Outbreaks resembling dengue fever have been reported throughout history (Gubler 1998).
Epidemic dengue has become more common since the 1980s.
Emerging evidence suggests that mycophenolic acid and ribavirin inhibit dengue replication.
Significant outbreaks of dengue fever tend to occur every five or six months.
The severe pain associated with dengue fever has lead to it also being called break-bone fever or bonecrusher disease.
Patients with dengue can pass on the infection only through mosquitoes or blood products and only while they are still febrile (have a fever).
Dengue hemorrhagic fever/dengue shock syndrome (DHF/DSS) is a leading cause of hospitalization and death among children in several south-east Asian nations (Kouri et al.
Patients may receive paracetamol preparations to deal with these symptoms if dengue is suspected (CDC 2007).
Dengue shock syndrome is defined as dengue hemorrhagic fever plus weak rapid pulse, narrow pulse pressure (less than 20 mm Hg), and cold, clammy skin and restlessness.
Dengue is found in Central and South America and the Caribbean Islands, Africa, Middle East, and east Asia.
The classic dengue fever lasts about six to seven days, with a smaller peak of fever at the trailing end of the disease (the so-called "biphasic pattern").
A small proportion of DHF cases lead to dengue shock syndrome (DSS) which has a high mortality rate.
Primary prevention of dengue mainly resides in mosquito control.
The diagnosis of dengue is usually made clinically.
Uncomplicated dengue fever has an excellent prognosis, with almost 100 percent of patients recovering fully.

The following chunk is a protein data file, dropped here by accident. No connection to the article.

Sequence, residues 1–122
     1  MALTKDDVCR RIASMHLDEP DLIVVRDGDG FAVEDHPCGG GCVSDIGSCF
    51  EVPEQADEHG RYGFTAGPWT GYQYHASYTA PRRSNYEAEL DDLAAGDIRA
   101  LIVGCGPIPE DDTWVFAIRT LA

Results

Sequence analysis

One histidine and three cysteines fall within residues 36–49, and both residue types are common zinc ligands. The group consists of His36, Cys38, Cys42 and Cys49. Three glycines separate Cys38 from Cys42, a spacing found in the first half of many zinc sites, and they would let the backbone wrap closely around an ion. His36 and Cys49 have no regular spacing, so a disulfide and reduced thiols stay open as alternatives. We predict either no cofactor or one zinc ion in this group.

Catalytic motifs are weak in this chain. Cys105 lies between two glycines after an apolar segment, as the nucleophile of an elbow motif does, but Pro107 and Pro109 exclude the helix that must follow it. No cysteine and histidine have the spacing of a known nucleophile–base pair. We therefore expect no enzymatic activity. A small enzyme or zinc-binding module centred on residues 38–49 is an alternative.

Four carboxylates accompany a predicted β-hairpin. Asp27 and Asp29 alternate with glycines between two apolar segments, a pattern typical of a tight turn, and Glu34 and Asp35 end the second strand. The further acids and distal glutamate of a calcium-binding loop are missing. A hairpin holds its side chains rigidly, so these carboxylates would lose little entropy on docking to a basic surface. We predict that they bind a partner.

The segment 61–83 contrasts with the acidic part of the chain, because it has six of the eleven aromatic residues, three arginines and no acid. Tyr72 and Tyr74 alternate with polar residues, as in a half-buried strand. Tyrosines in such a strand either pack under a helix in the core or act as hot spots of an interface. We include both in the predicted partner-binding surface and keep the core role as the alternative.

Dengue fever is caused by four closely related virus serotypes of the genus Flavivirus, family Flaviviridae (CDC 2008).
World Health Organization estimates that there may be 50 million cases of dengue infection worldwide each year (WHO 2008).
Dengue shock syndrome (DSS) is largely a complication of DHF (Pham et al.
Halstead in the 1970s, that dengue hemorrhagic fever is more likely to occur in patients who have secondary infections by serotypes different from the primary infection.
The dengue type of virus is known as an arbovirus, arthropod-borne virus, because it is transmitted by mosquitoes, a type of arthropod.
The classic dengue symptoms are known as the '"dengue triad": fever, rash, and headache (Carson-DeWitt 2004).
By the late 1990s, dengue was the most important mosquito-borne disease affecting humans after malaria, there being around 40 million cases of dengue fever and several hundred thousand cases of dengue hemorrhagic fever each year.
Dengue hemorrhagic fever (DHF) is a more severe illness that occurs when someone is reinfected with the virus after having recovered from an earlier incidence of dengue fever and the immune system overreacts (Carson-DeWitt 2004).